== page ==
In the promo pics, Malcolm looks like he’s ready to go to war. What was it like, slipping back into the Dark Archer costume?
As the actor? That costume is the most claustrophobic ever. I am claustrophobic, so I’m like, “Jesus Christ! Could you guys make this anymore claustrophobic where I have to talk in this mask?” But as a look, it’s fricking awesome. It’s an amazing costume. What’s really amazing is seeing people at conventions! At Comic Con, they dress as the Dark Archer. It was thrilling. So the costume is visually stunning, but it’s a bitch to wear.
Sara Lance recruits Talia and the League of Assassins as reinforcements. Considering Malcolm pissed the League off, what does their presence mean to him?
It means he has to watch his back. He’s got to look over his shoulder. He has got to be prepared, so when he does come back… Do not doubt that Malcolm Merlyn has not been watching what is going on. You can’t come into a situation and not be prepared. He’s up for a fight.
There are a lot of skilled fighters on this series — Arrow, Black Canary, Deathstroke, Helena, Diggle and Nyssa, to name a few. Where does Malcolm rank among them?
I love that you are asking me this! [Laughs] He’s not superhuman. He’s just learned an awful lot along the way. He uses not only his physicality, but his brain. That’s what gives him the edge over the others. In Malcolm’s mind, the others fight with their physiques. Therefore, he’s able to do things that they are not. I would say, talking as Merlyn, that I am scores above the rest of them.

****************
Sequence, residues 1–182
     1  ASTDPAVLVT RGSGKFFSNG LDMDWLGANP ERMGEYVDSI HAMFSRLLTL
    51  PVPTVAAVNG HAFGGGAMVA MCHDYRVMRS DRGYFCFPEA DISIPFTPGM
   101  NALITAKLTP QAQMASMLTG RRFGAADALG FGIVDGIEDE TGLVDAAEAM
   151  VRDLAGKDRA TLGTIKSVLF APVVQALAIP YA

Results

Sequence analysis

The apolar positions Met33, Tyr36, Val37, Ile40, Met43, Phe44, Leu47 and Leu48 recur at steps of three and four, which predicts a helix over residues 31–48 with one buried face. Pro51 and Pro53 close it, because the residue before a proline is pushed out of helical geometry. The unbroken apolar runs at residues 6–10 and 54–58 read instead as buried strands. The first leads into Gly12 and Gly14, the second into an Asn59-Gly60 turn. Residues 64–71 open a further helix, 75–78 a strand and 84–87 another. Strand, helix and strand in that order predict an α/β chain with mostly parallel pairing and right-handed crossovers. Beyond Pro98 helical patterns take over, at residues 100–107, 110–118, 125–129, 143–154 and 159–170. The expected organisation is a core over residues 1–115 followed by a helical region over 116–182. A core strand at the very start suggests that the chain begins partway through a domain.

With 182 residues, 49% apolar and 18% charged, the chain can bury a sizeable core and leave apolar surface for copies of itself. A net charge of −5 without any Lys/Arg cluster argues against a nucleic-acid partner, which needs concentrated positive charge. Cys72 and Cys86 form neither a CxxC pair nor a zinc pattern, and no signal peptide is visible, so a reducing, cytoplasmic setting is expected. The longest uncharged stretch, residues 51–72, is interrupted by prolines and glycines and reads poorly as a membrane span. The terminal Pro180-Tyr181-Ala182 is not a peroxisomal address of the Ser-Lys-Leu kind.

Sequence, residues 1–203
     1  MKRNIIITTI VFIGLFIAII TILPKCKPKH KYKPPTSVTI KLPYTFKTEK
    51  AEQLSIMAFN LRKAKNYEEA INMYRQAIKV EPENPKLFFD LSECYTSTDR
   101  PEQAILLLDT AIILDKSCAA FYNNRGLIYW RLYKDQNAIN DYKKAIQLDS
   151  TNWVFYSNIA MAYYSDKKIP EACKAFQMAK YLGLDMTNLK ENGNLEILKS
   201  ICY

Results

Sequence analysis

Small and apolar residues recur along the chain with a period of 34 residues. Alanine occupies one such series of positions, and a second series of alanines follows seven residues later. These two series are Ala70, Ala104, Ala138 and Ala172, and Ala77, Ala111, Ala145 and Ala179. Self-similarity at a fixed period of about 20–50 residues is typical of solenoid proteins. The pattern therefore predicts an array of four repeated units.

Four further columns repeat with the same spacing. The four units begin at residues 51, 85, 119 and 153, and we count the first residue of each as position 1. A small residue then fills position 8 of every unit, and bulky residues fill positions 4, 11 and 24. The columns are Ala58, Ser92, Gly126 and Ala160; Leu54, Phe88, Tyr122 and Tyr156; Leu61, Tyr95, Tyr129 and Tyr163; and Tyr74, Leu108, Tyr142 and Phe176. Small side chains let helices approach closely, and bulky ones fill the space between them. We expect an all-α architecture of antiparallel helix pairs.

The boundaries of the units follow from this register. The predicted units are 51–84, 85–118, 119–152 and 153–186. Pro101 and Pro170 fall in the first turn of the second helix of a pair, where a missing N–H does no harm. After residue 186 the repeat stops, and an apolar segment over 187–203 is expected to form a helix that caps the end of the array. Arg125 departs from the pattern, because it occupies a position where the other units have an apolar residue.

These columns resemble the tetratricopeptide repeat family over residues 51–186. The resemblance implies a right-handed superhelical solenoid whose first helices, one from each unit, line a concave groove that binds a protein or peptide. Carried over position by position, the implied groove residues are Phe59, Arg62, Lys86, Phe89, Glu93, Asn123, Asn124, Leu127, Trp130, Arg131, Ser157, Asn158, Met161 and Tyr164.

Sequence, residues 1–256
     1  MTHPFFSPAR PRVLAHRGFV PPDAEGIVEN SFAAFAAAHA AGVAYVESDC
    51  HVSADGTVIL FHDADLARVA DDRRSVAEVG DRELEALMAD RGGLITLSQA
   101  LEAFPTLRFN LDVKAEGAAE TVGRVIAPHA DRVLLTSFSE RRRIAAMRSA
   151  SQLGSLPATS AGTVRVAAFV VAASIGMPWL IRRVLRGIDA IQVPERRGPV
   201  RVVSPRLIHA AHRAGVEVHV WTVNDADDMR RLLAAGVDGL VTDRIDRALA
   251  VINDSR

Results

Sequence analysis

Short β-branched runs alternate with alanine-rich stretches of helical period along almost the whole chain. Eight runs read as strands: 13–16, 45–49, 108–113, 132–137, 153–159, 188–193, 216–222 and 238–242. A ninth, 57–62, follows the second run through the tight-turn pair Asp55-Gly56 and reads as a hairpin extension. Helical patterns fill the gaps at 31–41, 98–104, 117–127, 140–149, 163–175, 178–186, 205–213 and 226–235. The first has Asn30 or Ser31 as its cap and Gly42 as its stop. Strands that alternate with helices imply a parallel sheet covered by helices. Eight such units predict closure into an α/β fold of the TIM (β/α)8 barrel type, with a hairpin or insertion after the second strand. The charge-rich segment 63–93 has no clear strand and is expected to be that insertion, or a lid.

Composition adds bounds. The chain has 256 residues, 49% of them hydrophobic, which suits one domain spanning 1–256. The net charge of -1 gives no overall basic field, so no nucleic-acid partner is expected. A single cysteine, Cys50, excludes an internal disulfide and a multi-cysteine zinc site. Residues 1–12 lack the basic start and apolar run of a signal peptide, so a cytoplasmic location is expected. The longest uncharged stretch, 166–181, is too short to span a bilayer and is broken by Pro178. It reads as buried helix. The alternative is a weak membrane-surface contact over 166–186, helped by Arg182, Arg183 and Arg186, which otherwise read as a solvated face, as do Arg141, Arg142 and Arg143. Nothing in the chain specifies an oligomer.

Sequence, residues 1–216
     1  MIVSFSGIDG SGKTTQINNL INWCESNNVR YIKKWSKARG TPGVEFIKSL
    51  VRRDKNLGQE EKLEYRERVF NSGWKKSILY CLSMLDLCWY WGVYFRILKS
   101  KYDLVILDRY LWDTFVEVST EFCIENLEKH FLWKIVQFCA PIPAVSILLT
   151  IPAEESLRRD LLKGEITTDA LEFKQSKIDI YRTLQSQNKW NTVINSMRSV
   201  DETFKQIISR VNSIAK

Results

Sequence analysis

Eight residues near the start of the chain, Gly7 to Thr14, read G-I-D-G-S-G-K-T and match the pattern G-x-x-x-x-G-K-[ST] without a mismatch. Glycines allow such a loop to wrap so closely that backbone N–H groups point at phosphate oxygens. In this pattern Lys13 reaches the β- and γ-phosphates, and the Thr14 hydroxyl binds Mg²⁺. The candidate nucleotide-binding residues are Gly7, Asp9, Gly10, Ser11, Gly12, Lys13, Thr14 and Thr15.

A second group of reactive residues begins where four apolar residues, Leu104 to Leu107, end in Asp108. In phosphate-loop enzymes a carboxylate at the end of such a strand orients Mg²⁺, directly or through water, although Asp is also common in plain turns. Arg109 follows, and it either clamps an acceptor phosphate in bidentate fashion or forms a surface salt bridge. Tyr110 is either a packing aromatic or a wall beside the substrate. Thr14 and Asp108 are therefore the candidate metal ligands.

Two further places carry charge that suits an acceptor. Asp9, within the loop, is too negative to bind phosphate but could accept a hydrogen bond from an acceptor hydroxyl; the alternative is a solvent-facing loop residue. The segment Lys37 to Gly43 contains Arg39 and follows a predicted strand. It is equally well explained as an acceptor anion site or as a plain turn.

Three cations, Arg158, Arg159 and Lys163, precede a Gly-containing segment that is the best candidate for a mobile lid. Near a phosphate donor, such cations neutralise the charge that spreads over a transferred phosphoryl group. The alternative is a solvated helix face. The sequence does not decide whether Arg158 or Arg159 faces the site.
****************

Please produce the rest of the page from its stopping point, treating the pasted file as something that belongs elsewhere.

Many viewers are hoping for a Dark Archer/Deathstroke confrontation.
Well, from your mouth to whoever is the god of Starling City!
You’ve become part of the “Arrow” family at this point. Do you feel you’re done with the “Doctor Who” and “Torchwood” universes?
I’m never going to say never. Who knew they were to bring “Doctor Who” back 10 years ago? We never know what’s going to happen. Liz Sladen, who we call the matriarch of our ship and who is no longer with us, once said to me, “John, I never knew when I was playing Sarah Jane 30 or 40 years ago that I would be back playing Sarah Jane again.” You never say never in the world of “Doctor Who.”
It’s not my decision. It’s Russell Davies’ decision. It’s the BBC’s decision. I know the BBC gets inundated by emails and requests to bring “Torchwood” or Captain Jack back. If I’m ever asked, I would do it at the drop of a hat. Captain Jack is a character who changed television history in the sense of the kind of hero he was. He also changed my life, and changed a lot other people’s lives, because he was the first openly sexual character on television, who fell in love with who he fell in love with.
Even now, a 7-year-old boy came up to me in Glasgow. He actually thought I was Captain Jack, but he thought Captain Jack was up in Scotland to film a game show. That, to me, is a thrill. The run has kind of calmed on Jack, but he’s still liked all over the world. And I love that.
Can you share anything more with us about Malcolm’s role in this season’s final arc?
Honestly, no. This is how I’ll describe it. Anybody who is a fan of the show — I’m over here in London, and I was just in Glasgow, Scotland yesterday. I have people coming up to me, who are big fans of “Doctor Who” and “Torchwood,” and are now fans of “Arrow.” They’re like, “Tell me what’s going to happen.” I’m like, “Guys, all I can tell you is that when you get to that final episode, you’re going to look at your television and go, ‘What??? Bring it back! Bring it back!'” Everything is going to be chucked up in the air. It’s like someone has taken a trampoline and bounced everybody off of it. You are not going to know what’s going to happen.